(5) EBITDAX represents earnings before interest expense, income taxes, depreciation, depletion, amortization and accretion, property impairments, exploration expenses, non-cash gains and losses resulting from the requirements of accounting for derivatives, and non-cash equity compensation expense. EBITDAX is not a measure of net income or operating cash flows as determined by generally accepted accounting principles. Reconciliations of net income and operating cash flows to EBITDAX are provided in Part II, Item 7. Management’s Discussion and Analysis of Financial Condition and Results of Operations—Non-GAAP Financial Measures.

 

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ITEM 7. Management’s Discussion and Analysis of Financial Condition and Results of Operations

The following discussion and analysis should be read in conjunction with our consolidated financial statements and notes, as well as the selected consolidated financial data included elsewhere in this report. Our operating results for the periods discussed below may not be indicative of future performance. For additional discussion of crude oil and natural gas reserve information, please see Part I, Item 1. Business—Crude Oil and Natural Gas Operations. The following discussion and analysis includes forward-looking statements and should be read in conjunction with Part I, Item 1A. Risk Factors in this report, along with Cautionary Statement for the Purpose of the “Safe Harbor” Provisions of the Private Securities Litigation Reform Act of 1995 at the beginning of this report, for information about the risks and uncertainties that could cause our actual results to be materially different than our forward-looking statements.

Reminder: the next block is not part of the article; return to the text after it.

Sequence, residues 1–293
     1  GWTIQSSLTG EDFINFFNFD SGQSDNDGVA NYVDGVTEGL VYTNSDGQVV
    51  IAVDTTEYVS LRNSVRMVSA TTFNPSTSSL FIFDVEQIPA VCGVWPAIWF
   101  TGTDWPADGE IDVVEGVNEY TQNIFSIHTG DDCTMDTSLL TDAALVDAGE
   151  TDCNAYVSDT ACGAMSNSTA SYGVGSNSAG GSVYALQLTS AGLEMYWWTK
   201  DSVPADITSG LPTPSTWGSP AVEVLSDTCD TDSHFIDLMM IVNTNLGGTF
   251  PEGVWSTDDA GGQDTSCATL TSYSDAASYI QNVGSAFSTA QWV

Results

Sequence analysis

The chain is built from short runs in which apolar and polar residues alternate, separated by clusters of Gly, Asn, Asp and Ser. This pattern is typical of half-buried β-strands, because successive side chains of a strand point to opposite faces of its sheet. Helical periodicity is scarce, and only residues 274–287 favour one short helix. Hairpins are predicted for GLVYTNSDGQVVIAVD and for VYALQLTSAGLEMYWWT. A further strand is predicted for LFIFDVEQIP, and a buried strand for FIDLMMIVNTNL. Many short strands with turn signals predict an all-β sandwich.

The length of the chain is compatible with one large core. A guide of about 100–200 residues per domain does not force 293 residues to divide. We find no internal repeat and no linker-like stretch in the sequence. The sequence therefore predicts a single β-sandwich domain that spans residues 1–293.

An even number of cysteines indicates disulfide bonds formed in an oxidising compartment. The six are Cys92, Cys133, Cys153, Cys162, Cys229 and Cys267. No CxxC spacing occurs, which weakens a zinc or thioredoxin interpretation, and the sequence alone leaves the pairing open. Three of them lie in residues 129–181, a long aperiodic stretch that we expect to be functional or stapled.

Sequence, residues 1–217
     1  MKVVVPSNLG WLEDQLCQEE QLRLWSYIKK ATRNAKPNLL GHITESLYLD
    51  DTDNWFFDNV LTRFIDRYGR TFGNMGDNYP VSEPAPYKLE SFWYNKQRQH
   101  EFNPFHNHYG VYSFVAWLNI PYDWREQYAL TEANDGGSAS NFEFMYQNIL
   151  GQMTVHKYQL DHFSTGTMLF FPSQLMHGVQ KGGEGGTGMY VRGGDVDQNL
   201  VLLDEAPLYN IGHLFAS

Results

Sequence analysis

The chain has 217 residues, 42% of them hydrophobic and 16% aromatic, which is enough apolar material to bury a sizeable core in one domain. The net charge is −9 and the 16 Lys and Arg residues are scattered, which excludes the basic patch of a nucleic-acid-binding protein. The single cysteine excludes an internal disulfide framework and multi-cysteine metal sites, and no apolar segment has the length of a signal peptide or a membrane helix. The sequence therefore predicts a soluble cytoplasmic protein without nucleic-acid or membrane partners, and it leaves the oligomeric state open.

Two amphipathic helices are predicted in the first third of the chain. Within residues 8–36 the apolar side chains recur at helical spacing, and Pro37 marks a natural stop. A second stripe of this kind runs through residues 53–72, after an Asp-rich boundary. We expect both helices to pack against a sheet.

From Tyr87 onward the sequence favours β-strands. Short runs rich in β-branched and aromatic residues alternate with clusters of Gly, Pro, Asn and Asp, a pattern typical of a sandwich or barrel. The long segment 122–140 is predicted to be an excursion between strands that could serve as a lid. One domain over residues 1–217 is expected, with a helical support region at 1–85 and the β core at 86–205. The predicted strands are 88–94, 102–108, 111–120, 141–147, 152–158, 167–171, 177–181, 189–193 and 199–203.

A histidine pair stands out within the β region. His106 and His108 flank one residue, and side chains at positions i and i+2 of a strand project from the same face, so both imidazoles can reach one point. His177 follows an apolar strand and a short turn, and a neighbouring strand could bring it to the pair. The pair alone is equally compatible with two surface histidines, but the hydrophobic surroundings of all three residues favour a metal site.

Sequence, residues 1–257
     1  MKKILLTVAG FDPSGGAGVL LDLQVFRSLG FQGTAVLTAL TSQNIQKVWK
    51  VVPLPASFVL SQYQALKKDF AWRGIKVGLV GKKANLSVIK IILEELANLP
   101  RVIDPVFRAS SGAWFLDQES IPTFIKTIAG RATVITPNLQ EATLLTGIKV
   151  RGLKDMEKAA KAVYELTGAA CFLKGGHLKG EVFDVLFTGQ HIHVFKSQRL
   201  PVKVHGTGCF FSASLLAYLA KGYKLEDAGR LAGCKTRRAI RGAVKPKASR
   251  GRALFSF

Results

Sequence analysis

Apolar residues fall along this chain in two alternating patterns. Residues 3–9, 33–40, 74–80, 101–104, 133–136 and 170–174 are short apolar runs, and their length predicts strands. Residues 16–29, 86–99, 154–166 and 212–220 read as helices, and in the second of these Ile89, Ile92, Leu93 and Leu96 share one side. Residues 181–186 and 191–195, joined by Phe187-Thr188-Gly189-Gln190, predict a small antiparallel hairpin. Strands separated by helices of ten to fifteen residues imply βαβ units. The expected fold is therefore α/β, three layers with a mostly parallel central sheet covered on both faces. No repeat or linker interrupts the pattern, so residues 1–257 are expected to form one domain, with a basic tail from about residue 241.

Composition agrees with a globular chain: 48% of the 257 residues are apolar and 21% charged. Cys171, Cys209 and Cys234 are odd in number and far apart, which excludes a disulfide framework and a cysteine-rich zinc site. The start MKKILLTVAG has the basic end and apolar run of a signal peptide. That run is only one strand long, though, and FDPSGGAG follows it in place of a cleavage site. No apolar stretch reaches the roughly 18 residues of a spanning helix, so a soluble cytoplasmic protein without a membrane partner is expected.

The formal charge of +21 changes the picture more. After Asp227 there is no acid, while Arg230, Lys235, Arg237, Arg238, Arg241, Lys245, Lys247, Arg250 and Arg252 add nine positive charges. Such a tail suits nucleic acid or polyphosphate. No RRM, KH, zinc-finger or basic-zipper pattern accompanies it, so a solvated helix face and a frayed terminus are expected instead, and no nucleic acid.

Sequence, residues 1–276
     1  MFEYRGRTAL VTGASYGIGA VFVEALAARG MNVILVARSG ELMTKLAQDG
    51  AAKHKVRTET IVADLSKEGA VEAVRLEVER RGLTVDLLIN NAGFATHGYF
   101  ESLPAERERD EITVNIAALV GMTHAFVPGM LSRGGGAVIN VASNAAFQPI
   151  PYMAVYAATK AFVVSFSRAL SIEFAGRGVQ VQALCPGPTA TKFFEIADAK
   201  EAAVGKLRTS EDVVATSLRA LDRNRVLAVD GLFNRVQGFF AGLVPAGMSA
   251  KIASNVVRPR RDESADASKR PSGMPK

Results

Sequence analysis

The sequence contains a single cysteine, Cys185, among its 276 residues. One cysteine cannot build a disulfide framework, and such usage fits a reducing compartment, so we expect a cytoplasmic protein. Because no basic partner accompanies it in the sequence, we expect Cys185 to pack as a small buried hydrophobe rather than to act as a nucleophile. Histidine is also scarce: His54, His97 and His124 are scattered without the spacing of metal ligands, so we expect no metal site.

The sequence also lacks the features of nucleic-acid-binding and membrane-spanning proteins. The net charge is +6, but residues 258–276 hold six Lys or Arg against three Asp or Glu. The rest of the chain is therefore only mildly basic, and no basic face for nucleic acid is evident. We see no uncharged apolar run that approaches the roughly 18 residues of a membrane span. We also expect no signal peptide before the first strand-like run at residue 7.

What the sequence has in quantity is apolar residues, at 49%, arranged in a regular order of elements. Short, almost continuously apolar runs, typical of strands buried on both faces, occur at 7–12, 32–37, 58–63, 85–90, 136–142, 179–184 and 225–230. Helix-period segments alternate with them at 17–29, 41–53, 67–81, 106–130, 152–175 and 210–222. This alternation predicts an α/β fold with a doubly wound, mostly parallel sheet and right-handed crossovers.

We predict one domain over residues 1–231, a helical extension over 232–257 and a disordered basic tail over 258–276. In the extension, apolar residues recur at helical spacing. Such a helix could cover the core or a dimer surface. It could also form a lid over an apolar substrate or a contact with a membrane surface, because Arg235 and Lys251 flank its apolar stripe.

Overview

We are an independent crude oil and natural gas exploration and production company with properties in the North, South, and East regions of the United States. The North region consists of properties north of Kansas and west of the Mississippi River and includes North Dakota Bakken, Montana Bakken, and the Red River units. The South region includes Kansas and all properties south of Kansas and west of the Mississippi River including the South Central Oklahoma Oil Province (“SCOOP”), Northwest Cana, and Arkoma Woodford plays in Oklahoma. The SCOOP and Northwest Cana plays were previously combined by us and referred to as the Anadarko Woodford play. In December 2012, we sold the producing crude oil and natural gas properties in our East region. Our remaining East region properties are comprised of undeveloped leasehold acreage east of the Mississippi River that will be managed as part of our exploration program.

We focus our exploration activities in large new or developing crude oil and liquids-rich plays that provide us the opportunity to acquire undeveloped acreage positions for future drilling operations. We have been successful in targeting large repeatable resource plays where horizontal drilling, advanced fracture stimulation and enhanced recovery technologies provide the means to economically develop and produce crude oil and natural gas reserves from unconventional formations. In October 2012, we announced a new five-year growth plan to triple our production and proved reserves from year-end 2012 to year-end 2017.